USDA announces more local control for school meal operations
WASHINGTON – U.S. Department of Agriculture Deputy Secretary Steve Censky today announced two new efforts to provide states and school districts with additional flexibility and support to operate more efficient school meal programs. Censky made the announcement during a speech at the School Nutrition Association Legislative Action Conference in Washington, D.C.
In 2015, USDA established education and training requirements for nutrition professionals as part of the Healthy, Hunger-Free Kids Act of 2010. While this strengthened many school meal programs, some small school districts faced challenges finding qualified applicants to direct their local food service operation. Today’s proposal would provide much-needed relief for school districts with less than 2,500 students, allowing them more flexibility in the hiring of new school nutrition program directors.
“Small and rural school districts will no longer have to overlook qualified food service professionals because of one-size-fits-all standards that don’t meet their needs,” Censky said. “We trust our local partners to hire talented school nutrition program directors who will manage the meal service in a way that protects the health and well-being of students.”
USDA is providing a 60-day public comment period and will then develop a final rule that responds to the needs of partners and stakeholders.
To support states’ efforts to improve program integrity, USDA also rolled out a suite of customizable resources to help local school districts improve the accuracy of their school meal application processes. These resources include support for online applications, evidenced-based materials, and best practices to simplify the process for families and ensure that eligible children receive free and reduced-priced meals.
“USDA’s goal to do right and feed everyone starts with our children,” Censky said. “We are committed to giving states and school districts more tools and options to build a bright, self-sufficient future for America’s children through well-managed school meal programs.”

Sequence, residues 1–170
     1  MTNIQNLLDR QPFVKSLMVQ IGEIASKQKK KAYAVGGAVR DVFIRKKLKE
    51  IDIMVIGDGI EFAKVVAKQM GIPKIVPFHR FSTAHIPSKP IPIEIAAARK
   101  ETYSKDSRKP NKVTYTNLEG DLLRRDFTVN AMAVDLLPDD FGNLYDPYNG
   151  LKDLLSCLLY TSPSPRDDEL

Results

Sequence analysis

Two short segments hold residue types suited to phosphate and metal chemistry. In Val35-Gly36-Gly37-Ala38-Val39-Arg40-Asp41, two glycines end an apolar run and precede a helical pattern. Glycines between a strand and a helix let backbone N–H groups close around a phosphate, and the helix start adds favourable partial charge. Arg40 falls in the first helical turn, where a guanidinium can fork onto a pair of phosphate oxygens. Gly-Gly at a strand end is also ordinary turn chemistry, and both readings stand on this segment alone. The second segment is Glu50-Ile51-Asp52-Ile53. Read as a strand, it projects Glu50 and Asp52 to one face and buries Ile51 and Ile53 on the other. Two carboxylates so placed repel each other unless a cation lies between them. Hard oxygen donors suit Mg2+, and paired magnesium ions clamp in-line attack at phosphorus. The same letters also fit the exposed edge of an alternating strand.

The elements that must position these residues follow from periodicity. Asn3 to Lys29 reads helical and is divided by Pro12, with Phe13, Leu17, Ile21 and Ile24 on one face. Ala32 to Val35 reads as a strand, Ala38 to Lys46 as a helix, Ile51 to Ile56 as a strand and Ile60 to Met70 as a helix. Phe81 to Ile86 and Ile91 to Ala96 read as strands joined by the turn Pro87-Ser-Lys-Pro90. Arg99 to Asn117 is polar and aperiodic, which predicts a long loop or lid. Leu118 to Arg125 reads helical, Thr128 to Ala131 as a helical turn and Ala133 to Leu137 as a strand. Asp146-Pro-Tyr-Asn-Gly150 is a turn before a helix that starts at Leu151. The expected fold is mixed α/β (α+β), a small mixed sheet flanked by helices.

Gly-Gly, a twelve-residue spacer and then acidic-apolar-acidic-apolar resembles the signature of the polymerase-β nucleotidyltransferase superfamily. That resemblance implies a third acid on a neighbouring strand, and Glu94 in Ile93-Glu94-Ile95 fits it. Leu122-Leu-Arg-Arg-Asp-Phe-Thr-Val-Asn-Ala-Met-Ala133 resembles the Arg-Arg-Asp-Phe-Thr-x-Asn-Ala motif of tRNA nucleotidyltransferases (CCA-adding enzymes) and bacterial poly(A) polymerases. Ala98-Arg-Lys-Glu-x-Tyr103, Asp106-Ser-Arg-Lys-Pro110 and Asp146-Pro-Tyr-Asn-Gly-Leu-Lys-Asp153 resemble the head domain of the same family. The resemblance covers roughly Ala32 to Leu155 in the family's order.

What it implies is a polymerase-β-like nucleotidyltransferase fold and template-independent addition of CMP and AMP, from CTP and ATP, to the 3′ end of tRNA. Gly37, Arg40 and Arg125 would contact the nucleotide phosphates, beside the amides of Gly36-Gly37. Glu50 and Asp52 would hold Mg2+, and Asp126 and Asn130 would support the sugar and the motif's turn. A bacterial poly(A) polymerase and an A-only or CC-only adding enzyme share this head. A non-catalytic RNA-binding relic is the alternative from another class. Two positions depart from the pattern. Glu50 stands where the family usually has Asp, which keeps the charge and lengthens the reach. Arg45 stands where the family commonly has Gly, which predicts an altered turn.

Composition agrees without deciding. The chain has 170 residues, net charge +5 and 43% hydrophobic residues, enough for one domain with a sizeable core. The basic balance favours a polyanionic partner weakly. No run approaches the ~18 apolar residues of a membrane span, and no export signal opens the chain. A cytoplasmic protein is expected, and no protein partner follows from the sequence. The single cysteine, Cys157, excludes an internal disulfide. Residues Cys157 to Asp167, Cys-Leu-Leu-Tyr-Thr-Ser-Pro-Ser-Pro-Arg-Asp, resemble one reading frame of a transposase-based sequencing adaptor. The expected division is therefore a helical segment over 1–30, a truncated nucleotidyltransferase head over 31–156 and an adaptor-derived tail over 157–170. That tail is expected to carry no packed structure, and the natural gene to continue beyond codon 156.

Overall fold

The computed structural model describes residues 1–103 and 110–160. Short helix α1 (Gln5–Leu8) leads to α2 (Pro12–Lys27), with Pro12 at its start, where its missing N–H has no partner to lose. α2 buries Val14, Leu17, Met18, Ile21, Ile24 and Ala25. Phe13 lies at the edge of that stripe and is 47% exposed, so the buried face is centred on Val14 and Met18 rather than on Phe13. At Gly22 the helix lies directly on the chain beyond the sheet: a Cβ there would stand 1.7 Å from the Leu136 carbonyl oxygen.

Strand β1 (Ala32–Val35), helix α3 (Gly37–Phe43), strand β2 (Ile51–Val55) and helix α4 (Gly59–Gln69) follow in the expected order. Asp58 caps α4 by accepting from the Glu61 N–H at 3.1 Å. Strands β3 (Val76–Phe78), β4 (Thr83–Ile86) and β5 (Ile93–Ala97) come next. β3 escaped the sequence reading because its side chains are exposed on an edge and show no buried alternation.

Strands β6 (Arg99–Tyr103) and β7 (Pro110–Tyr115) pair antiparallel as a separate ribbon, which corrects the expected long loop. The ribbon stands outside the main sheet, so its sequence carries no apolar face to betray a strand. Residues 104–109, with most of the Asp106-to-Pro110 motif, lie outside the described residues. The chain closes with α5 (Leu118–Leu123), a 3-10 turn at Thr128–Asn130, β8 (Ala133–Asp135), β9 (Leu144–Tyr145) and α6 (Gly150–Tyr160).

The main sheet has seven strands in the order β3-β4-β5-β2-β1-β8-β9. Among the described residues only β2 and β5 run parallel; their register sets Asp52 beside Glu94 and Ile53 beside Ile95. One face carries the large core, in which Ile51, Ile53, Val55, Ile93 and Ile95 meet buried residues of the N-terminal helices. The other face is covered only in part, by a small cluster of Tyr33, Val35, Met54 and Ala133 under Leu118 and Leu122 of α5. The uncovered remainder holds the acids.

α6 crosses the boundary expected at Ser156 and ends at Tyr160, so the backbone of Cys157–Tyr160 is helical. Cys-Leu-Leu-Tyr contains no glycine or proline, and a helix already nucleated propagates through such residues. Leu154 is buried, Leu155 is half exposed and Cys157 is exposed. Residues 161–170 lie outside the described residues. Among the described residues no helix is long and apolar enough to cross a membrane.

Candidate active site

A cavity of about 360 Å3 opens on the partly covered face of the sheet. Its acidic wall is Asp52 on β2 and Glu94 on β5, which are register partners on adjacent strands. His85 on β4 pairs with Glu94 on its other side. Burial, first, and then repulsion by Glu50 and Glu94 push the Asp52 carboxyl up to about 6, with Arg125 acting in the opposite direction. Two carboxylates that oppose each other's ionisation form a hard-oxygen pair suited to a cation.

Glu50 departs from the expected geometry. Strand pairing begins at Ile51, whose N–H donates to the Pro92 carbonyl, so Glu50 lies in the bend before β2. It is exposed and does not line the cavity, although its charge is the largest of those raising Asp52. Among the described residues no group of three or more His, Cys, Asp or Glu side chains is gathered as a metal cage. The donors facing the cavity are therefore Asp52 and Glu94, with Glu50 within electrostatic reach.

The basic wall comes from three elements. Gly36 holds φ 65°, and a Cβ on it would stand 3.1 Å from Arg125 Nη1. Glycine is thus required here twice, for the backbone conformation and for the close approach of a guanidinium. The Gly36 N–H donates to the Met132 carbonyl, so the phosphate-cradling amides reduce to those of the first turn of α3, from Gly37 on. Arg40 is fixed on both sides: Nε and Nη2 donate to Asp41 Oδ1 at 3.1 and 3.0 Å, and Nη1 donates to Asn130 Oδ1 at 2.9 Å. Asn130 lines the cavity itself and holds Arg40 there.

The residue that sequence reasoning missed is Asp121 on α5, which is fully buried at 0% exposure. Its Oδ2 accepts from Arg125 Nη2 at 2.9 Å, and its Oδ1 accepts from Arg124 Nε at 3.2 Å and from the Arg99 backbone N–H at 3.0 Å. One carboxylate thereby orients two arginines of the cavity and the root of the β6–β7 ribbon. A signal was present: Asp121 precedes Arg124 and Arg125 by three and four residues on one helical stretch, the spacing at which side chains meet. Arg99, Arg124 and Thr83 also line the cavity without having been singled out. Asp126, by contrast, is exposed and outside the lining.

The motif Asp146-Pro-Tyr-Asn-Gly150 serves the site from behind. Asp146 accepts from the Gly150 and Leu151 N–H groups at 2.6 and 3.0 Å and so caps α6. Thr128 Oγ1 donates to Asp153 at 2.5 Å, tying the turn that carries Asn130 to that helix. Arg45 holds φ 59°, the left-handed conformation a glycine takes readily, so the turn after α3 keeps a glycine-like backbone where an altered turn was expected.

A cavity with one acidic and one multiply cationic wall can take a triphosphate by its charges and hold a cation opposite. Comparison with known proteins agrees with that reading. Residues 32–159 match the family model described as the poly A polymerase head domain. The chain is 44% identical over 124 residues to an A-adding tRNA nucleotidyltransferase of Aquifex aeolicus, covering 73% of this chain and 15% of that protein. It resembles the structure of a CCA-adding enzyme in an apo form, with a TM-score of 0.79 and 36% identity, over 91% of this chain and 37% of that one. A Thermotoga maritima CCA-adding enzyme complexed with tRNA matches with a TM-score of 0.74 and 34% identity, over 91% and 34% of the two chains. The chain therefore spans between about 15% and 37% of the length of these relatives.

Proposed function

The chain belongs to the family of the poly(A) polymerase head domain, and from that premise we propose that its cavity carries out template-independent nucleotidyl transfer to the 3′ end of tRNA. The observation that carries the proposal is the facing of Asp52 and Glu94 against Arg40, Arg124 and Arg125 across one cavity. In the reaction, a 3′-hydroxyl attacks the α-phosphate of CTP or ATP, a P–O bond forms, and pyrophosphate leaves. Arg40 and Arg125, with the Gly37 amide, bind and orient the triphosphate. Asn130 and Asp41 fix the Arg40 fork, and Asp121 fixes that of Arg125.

As part of this package, USDA is offering guidance to help schools utilize its award-winning, open-source online school meal application model. USDA developed the application with input from local food service professionals. The customer-friendly design of the model is intended to increase the integrity of the application process by reducing common mistakes families make when applying for free or reduced-priced school meals.
“These tools are the benchmark for future innovation and give schools 21st century resources and strategies to run efficient food service operations, now and into the future,” Censky said. “Schools can ensure the proper use of funds for feeding students in need, protecting the taxpayer dollar through high integrity programs.”
USDA invites software developers in private industry to join schools in delivering customer service by helping them tailor their own applications.
Today’s announcement is the latest in a series of recent USDA actions to expand flexibility and ease challenges for partners and stakeholders who help feed our nation’s children. Other actions include:
Publishing the School Meal Flexibility Rule, which provides local food service professionals the flexibility they need to serve wholesome, nutritious, and tasty meals in schools across the nation.
Releasing “The Food Buying Guide,” a mobile app that puts critical information at the fingertips of food service professionals and makes it easier for them to plan wholesome, nutritious and tasty school meals.
Selecting Kansas State University to direct the Center for Food Safety in Child Nutrition Programs, which will help improve food safety across all of USDA’s child nutrition programs.
Inviting the public to submit ideas on food crediting, the system that defines how each food item contributes to meal requirements under the National School Lunch Program and other federal child nutrition programs.
About 100,000 schools and institutions feed 30 million children through the National School Lunch Program and nearly 15 million children through the School Breakfast Program. Many of these children receive their meals at no cost or for a reduced price according to income-based eligibility.
USDA’s Food and Nutrition Service administers 15 nutrition assistance programs, including the National School Lunch and School Breakfast programs, the Child and Adult Care Food Program, the Summer Food Service Program, the Special Supplemental Nutrition Program for Women, Infants and Children, and the Supplemental Nutrition Assistance Program, which together comprise America’s nutrition safety net.
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